Manjrekar scored his final international century against Zimbabwe, in October 1992, reaching 104 in a drawn Test match.[21] He continued to play for India until November 1996, making his final appearance in the first Test against South Africa. He scored 34 runs in the first innings and 5 runs in the second, playing as an opening batsman.[8][22] He completed his international career with 2,043 Test runs, including four centuries, scored at 38.67, and 1,994 ODI runs at an average of 33.23.[1]

Commentary career

After retiring from professional cricket, Manjrekar began working as a cricket commentator.[1][23]

In April 2017, while doing commentary in the IPL match of Mumbai Indians vs Kolkata Knight Riders, it was incorrectly alleged by Mumbai Indians player Kieron Pollard and erroneously reported by media that he called Pollard "brainless".[24] Pollard took to Twitter and expressed anger over this remark. It was later clarified by Manjrekar that he had in fact used the word "range," not "brainless".[25]


  1. ^ a b c "Player Profile: Sanjay Manjrekar". ESPNcricinfo. Retrieved 16 January 2013.
  2. ^ "Player Profile: Vijay Manjrekar". ESPNcricinfo. Retrieved 16 January 2013.
  3. ^ a b "Miscellaneous Matches played by Sanjay Manjrekar (60)". CricketArchive. Retrieved 16 January 2013.
  4. ^ Tikekar, Aroon; Ṭikekara, Aruṇa (2006) [1984]. The Cloister's Pale: A Biography of the University of Mumbai. The University of Mumbai. p. 234. ISBN 81-7991-293-0.
  5. ^ "North Zone Universities v West Zone Universities: Vizzy Trophy 1984/85 (Final)". CricketArchive. Retrieved 16 January 2013.
  6. ^ "Bombay University v Delhi University: Rohinton Baria Trophy 1984/85 (Final)". CricketArchive. Retrieved 16 January 2013.
  7. ^ "Haryana v Bombay: Ranji Trophy 1984/85 (Quarter-Final)". CricketArchive. Retrieved 16 January 2013.
  8. ^ a b "First-Class Matches played by Sanjay Manjrekar (147)". CricketArchive. Retrieved 16 January 2013.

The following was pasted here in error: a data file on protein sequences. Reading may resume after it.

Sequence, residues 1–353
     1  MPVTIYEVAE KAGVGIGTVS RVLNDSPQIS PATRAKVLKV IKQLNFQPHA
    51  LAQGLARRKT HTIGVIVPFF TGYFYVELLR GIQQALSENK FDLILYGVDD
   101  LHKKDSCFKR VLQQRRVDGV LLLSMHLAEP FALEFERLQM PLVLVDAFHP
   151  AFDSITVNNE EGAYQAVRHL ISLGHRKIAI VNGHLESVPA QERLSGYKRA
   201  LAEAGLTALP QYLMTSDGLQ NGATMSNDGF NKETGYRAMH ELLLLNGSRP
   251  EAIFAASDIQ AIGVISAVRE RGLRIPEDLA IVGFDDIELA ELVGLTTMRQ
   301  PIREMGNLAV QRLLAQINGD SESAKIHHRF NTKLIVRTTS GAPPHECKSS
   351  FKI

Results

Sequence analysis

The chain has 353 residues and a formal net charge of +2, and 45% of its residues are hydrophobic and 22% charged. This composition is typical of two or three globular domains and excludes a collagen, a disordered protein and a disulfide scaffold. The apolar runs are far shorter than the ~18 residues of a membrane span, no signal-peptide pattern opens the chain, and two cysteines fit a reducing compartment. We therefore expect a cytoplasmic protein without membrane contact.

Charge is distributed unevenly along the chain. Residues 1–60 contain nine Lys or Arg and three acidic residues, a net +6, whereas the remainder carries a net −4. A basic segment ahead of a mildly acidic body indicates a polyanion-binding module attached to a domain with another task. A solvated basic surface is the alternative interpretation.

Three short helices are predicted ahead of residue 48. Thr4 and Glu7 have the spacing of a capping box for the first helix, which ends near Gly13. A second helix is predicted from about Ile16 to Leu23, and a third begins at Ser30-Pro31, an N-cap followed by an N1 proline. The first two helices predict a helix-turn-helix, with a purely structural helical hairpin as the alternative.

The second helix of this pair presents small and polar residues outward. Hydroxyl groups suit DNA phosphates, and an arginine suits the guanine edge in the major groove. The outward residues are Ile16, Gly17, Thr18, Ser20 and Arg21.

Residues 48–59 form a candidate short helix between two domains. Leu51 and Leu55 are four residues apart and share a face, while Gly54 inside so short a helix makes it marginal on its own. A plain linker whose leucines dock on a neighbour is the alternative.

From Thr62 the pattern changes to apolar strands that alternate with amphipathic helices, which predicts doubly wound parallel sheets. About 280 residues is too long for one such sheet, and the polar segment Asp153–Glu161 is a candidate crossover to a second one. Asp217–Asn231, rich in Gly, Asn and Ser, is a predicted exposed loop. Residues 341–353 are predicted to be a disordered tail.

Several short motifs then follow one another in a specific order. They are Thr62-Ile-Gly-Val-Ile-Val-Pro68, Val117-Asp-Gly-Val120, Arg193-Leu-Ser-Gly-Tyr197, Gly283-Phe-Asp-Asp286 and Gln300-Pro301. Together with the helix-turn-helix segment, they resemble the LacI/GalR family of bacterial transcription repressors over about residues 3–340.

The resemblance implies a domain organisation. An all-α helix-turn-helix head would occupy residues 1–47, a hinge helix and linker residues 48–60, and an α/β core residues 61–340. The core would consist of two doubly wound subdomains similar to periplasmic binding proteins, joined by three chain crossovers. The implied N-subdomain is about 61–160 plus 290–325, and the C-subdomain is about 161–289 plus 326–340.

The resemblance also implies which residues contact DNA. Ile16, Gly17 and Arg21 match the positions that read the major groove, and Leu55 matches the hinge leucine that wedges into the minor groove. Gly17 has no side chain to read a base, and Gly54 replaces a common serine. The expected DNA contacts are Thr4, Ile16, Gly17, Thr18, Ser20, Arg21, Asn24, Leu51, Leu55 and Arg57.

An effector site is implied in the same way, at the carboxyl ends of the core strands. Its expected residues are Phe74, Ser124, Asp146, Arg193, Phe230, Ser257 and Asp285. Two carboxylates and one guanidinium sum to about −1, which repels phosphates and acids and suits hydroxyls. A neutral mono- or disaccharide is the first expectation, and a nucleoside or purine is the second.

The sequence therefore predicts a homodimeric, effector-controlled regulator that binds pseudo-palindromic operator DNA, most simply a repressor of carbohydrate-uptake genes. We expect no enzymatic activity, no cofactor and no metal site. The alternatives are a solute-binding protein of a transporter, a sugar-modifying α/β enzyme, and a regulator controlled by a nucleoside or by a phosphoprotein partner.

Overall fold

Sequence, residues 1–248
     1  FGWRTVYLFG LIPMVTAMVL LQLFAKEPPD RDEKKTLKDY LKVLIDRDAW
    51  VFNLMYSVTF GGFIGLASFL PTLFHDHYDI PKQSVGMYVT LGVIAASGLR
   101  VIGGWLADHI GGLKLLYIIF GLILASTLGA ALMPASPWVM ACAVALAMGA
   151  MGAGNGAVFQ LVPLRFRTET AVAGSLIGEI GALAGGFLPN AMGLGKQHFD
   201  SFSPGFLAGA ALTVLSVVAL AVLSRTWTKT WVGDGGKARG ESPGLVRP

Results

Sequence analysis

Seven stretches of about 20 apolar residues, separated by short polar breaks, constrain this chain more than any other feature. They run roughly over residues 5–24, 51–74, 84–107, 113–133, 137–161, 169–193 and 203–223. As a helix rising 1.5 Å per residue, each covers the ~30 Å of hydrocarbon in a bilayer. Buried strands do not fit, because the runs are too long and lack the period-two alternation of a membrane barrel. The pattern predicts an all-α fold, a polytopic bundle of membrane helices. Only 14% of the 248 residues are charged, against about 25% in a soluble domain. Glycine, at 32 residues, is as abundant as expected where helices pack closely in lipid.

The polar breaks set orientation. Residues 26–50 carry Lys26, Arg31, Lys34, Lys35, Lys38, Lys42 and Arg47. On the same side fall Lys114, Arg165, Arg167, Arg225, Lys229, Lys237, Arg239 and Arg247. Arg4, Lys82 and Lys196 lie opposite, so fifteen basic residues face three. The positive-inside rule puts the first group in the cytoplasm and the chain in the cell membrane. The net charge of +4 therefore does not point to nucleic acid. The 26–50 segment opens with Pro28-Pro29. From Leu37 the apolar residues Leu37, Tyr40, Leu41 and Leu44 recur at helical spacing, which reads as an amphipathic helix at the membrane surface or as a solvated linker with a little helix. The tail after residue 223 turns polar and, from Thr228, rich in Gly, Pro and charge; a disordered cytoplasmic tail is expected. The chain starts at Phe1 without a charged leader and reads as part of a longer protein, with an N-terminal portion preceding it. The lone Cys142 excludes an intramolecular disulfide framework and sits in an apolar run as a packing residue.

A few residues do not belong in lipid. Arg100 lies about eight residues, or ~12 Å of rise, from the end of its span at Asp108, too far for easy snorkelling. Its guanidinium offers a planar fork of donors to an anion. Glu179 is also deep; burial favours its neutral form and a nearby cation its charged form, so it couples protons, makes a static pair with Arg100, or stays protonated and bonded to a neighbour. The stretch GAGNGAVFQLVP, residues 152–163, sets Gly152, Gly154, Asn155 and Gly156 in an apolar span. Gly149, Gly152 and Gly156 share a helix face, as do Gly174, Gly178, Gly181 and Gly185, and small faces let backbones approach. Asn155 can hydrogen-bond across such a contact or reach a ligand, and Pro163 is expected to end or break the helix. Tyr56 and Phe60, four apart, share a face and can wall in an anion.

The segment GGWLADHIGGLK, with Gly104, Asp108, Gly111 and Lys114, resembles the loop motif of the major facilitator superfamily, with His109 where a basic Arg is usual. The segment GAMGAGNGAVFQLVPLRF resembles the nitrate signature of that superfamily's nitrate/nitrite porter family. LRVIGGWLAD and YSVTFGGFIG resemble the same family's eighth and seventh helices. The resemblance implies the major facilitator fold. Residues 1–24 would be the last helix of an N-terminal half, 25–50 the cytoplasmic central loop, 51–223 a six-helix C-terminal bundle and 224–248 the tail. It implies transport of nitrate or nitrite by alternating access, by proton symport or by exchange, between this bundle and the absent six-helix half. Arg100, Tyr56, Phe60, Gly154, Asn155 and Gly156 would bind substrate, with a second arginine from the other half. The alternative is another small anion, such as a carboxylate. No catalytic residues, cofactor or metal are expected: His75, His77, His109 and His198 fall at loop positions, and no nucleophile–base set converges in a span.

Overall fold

9. ^ a b c "First-class Batting and Fielding in Each Season by Sanjay Manjrekar". CricketArchive. Retrieved 16 January 2013.
  10. ^ "Bombay v Baroda: Ranji Trophy 1986/87 (West Zone)". CricketArchive. Retrieved 16 January 2013.
  11. ^ "Central Zone v West Zone: Duleep Trophy 1987/88 (Semi-Final)". CricketArchive. Retrieved 16 January 2013.
  12. ^ "Bombay v Hyderabad: Ranji Trophy 1990/91 (Semi-Final)". CricketArchive. Retrieved 16 January 2013.
  13. ^ "Bombay v Punjab: Ranji Trophy 1994/95 (Final)". CricketArchive. Retrieved 16 January 2013.
  14. ^ "Mumbai v Delhi: Ranji Trophy 1996/97 (Final)". CricketArchive. Retrieved 16 January 2013.
  15. ^ "India v West Indies: West Indies in India 1987/88 (1st Test)". CricketArchive. Retrieved 16 January 2013.
  16. ^ "India v New Zealand: New Zealand in India 1988/89 (4th ODI)". CricketArchive. Retrieved 16 January 2013.
  17. ^ "West Indies v India: India in West Indies 1988/89 (2nd Test)". CricketArchive. Retrieved 16 January 2013.
  18. ^ "Pakistan v India: India in Pakistan 1989/90 (1st Test)". CricketArchive. Retrieved 16 January 2013.
  19. ^ "Pakistan v India: India in Pakistan 1989/90 (3rd Test)". CricketArchive. Retrieved 16 January 2013.
  20. ^ "India v South Africa: South Africa in India 1991/92 (3rd ODI)". CricketArchive. Retrieved 16 January 2013.
  21. ^ "Zimbabwe v India: India in South Africa and Zimbabwe 1992/93 (Only Test)". CricketArchive. Retrieved 16 January 2013.
  22. ^ "India v South Africa: South Africa in India 1996/97 (1st Test)". CricketArchive. Retrieved 16 January 2013.
  23. ^ "Sanjay Manjrekar's Mangalore origin".
  24. ^ "Kieron Pollard slams Sanjay Manjrekar for ‘verbal diarrhoea’ during KKR IPL tie". Hindustan Times. New Delhi, India. 11 April 2017.
  25. ^ "IPL 2017: Sanjay Manjrekar denies calling Kieron Pollard ‘brainless’ on air". Hindustan Times. New Delhi, India. 15 April 2017.

This page was last edited on 20 October 2019, at 05:50